Thursday, March 19, 2009

Boredom at Work

Some maintain that boredom is a vehicle to creativity. Some, would argue that in work environments where creativity isn't fostered, boredom spreads like dandelions in a Spring lawn.

Whatever your own take on the issue is, the truth is that at one point or another boredom at work affects us all. Nobody is immune.

You know what I am talking about.

The days when time just doesn't pass fast enough to get away from work, the days when our neurons need Drano to let one squalid thought get through, when our eyes are like magnets to any time telling device, and our fingers are Velcro on your car keys.

Probably the difference between man and the monkeys is that the monkeys are merely bored, while man has boredom plus imagination. Lin Yutang.

Psychologist Stephen Vodanovich of the University of West Florida says that, "The most common way to define boredom in Western culture is having nothing to do." No definition is ever without flaw, and this in my humble-non-psychologist-view is no exception. Boredom, as I have observed and experienced it, has more to do with things like frustration and blahness, than with lack of things to do. It is more closely related to a lack of willingness to overcome what has paralyzed us to begin with.
I am partial to a piece Fritz Redl wrote based on children's boredom and behavior:
"Boredom will always remain the greatest enemy of school disciplines. If we remember that children are bored, not only when they don't happen to be interested in the subject or when the teacher doesn't make it interesting, but also when certain working conditions are out of focus with their basic needs, then we can realize what a great contributor to discipline problems boredom really is. Research has shown that boredom is closely related to frustration and that the effect of too much frustration is invariably irritability, withdrawal, rebellious opposition or aggressive rejection of the whole show. "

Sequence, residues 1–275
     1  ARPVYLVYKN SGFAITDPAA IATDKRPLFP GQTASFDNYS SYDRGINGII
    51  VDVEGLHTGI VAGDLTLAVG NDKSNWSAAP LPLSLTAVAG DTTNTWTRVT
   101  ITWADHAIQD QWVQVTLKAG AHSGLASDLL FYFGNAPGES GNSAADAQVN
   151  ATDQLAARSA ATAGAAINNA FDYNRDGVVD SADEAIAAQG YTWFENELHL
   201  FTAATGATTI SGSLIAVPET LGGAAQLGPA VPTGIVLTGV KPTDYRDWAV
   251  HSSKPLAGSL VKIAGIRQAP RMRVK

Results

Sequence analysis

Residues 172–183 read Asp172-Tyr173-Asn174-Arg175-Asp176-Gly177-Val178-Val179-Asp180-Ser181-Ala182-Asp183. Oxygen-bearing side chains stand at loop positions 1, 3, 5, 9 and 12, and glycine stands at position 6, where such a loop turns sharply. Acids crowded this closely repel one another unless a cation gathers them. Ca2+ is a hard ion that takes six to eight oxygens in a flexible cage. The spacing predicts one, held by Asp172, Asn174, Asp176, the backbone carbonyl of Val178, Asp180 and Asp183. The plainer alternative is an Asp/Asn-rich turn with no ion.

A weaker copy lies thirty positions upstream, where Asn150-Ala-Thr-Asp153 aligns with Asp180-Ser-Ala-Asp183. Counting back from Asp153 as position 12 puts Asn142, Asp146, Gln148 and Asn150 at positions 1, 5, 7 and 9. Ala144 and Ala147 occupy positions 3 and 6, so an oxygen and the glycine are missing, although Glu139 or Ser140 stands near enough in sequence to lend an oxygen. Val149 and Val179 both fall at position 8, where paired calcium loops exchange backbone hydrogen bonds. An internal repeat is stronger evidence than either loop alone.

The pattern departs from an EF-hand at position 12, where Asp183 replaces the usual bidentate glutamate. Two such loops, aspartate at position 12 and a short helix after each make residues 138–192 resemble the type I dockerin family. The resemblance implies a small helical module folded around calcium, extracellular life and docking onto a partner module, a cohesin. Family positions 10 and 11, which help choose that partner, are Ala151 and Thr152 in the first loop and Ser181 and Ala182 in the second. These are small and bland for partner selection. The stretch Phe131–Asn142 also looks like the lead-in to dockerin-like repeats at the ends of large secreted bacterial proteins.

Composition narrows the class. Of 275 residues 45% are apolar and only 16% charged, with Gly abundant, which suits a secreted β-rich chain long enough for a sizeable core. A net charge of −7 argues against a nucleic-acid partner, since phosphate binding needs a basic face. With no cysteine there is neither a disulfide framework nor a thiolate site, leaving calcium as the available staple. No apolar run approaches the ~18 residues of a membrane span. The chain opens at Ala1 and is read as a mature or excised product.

Now change the word children to bored adults at work...shockingly it all makes sense, right?
So what's a mere mortal to do? What is a leader, motivator, manager, team associate to do to get out of the bore-funk?
It is always a good idea to try and figure out how we got there in the first place before setting out to change a behavior. Keep that in mind (as some strategies might not apply to you or your team members) as you read on.

You'll find boredom where there is the absence of a good idea. Earl Nightingale

Boredom has very few positives, and mostly will affect your work place by increased absenteeism, lack of engagement, low productivity, Internet abuse, errors, and verbal and physical aggression. So here are a few points to help you fight the boredom-blues:
Ask questions & listen- Too often boredom is not identified quick enough. It is like a loud radio playing in the background, we know something is bugging us but we can't quite put our finger on it. Most times we fail to recognize feelings of boredom until it evolves into something else (generally something worse), and engagement surveys don't usually address this topic. Remember that while under performing employees might share their frustrations, highly driven employees can appear engaged and be bored at the same time. Neither of you may notice the boredom as the work is still getting done will only learn about it when you see your valued employee walk away into more exciting territory...elsewhere. So take time during your one on one meetings and point blank ask: "Do you feel bored with your activities?" or "Is there any part of your role here you think you are bored with?" get the idea. Be candid. Listen. Find solutions together.
Challenge yourself and your staff- And more importantly, teach them how to self-challenge, e.g., learn a new skill, teach others something one has mastered, etc. Put your ear down the railroad tracks of past mistakes and, instead of merely punishing, take the time to teach and retrain.
Energize yourself and others- This begins with your morning greeting, and no, not being a morning person is not an excuse for grumpiness or being short with one another. Surprise someone with a morning snack and five minutes of random conversation. Smile. Seriously. Smiles can do wonders, didn't you know? Oh, and a sense of humor never hurts...
As much as possible avoid repetitive tasks- Be as creative as the job allows. Allow team members to switch tasks, take a breather, give them a learning hour or day, encourage them to shadow other roles (this is a great investment to see how other departments can work better together...think old SouthWest Airlines business model).
Avoid the status quo & make lists- That's right, whenever something frustrates you (or your associates) write it down and later (when frustration wore off) think about ways in which you can avoid this in the future. Each moment of frustration experienced enhances your chances to contribute to the company's success and your own. But only if these moments are capitalized on. So go ahead, try it, write it down and watch perspectives change.

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